We are 5!
Dr. Manju Mamtani
Peer-reviewed research papers: 78
Presentations at International meetings: 6
Book chapters: 2
Computer Programs: 1
Diabetes – I am especially interested in the pathophysiology and genetic epidemiology of Type 2 Diabetes. During my volunteering at TBRI, I was given access to the excellent data on the San Antonio Family Heart Study (SAFHS) that focuses on 1,400 members of more than 40 large Mexican American families in San Antonio. The SAFHS aims to quantify the relative contributions of genetic and environmental factors to the risk of developing cardiovascular diseases and metabolic syndrome. During this time I have contributed to seven different papers that deal with anthropometric and lipidomic risk factors of existing and future development of type 2 diabetes. These papers have been published in high impact journals like Diabetologia, Hypertension, Lipid Research, Lipids in Health and Disease, etc. My interest in this field springs from conducting a case-control study in India in 2004 as a part of my dissertation and publishing a highly cited paper (Mamtani and Kulkarni, Archives of Medical Research, 2005) that dealt with the specific association of waist circumference with the risk of type 2 diabetes. Currently, I oversee an Indian study in the Sindhi ethnic group which is investigating the genetic bases of T2D in an Indian context.
Genetics - I have successfully conducted genotyping studies on several single nucleotide polymorphisms (SNPs) using the restriction fragment length polymorphism (RFLP) as well as the Taqman Allelic discrimination approaches. I have also genotyped 57 microsatellite markers using the ABI Prism system in relation to important contributory genes in autoimmune diseases. Further, I have conducted genotyping of the copy number variations in two immunity-related genes (CCL3L1 and FCGR3B) using Taqman assays. I am also well versed with techniques like DNA isolation and Gel electrophoresis. Also, I have extensive experience in the research related to the most intensively scrutinized genetic disease – β thalassemia.
Biostatistics – I have conducted complex statistical analyses like generalized estimating equations for panel data, multivariate and polynomial logistic regression analyses, Kaplan-Meier survival plots, multivariate Cox proportional hazards modeling and correlation analyses using the STATA software. Recently, I have also helped analyze highly complex epigenetic data on the CpG methylation sites from HIV patients with differing phenotypes. During my volunteering at TBRI, I have also worked with the popular SOLAR software used for analyses of pedigree data.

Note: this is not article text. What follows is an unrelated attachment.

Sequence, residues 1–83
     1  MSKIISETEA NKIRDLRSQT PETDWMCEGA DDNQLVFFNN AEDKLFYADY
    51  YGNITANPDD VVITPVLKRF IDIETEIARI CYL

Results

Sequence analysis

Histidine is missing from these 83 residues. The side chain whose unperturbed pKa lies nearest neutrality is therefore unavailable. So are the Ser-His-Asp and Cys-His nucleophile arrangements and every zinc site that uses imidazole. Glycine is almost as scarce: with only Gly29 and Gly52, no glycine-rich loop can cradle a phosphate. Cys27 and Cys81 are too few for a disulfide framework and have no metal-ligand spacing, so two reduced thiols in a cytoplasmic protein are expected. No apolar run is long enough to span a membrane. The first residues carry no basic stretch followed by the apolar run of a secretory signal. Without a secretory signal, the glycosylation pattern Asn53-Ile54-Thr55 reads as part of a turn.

Epidemiology – I received my training in MBBS (equivalent to the MD degree in the USA) and MD (Preventive and Social medicine, equivalent to the MPH degree in the USA). During the latter training, I was introduced to and involved in the principles and practices of Epidemiology. As a part of practicum requirement for my MPH equivalent course, I conducted a case-control study on the risk factors of Type 2 Diabetes (referred to above). In my research at UTHSCSA, I employed these epidemiological principles effectively. For example, I used techniques and methods such as case-control studies, cross-sectional studies and cohort studies from the several study cohorts available for analysis.
Infectious Diseases – I have substantial interest and experience in epidemiological and clinical research studies involving infectious diseases. Specifically, I have worked extensively in the field of tuberculosis since it is a high-prevalence scourge globally but especially in India. I have conducted clinical as well as genetic studies in tuberculosis that dealt with the CCR5/CCL3L1 association with tuberculosis, use of interferon-gamma assays (Quantiferon®) for screening of latent and active tuberculosis and clinical trial of high dose INH for treatment of MDR tuberculosis. I also have substantial experience in the research of childhood diarrheas that includes a clinical trial of zinc supplementation in acute diarrhea, meta-analyses of the therapeutic and preventive use of zinc supplementation, organism-specific effectiveness of zinc supplementation (specifically in relation to E. coli, Klebsiella and rotavirus) and invited review article on the roles of zinc supplementation in the pathophysiology of diarrhea. Lastly, I have also worked on multicenter studies (APPIS) in which we tested the effectiveness of a novel nomogram in predicting early mortality in cases of severe pneumonia and the use of radiography to predict and risk-stratify adverse outcomes in severe pneumonia.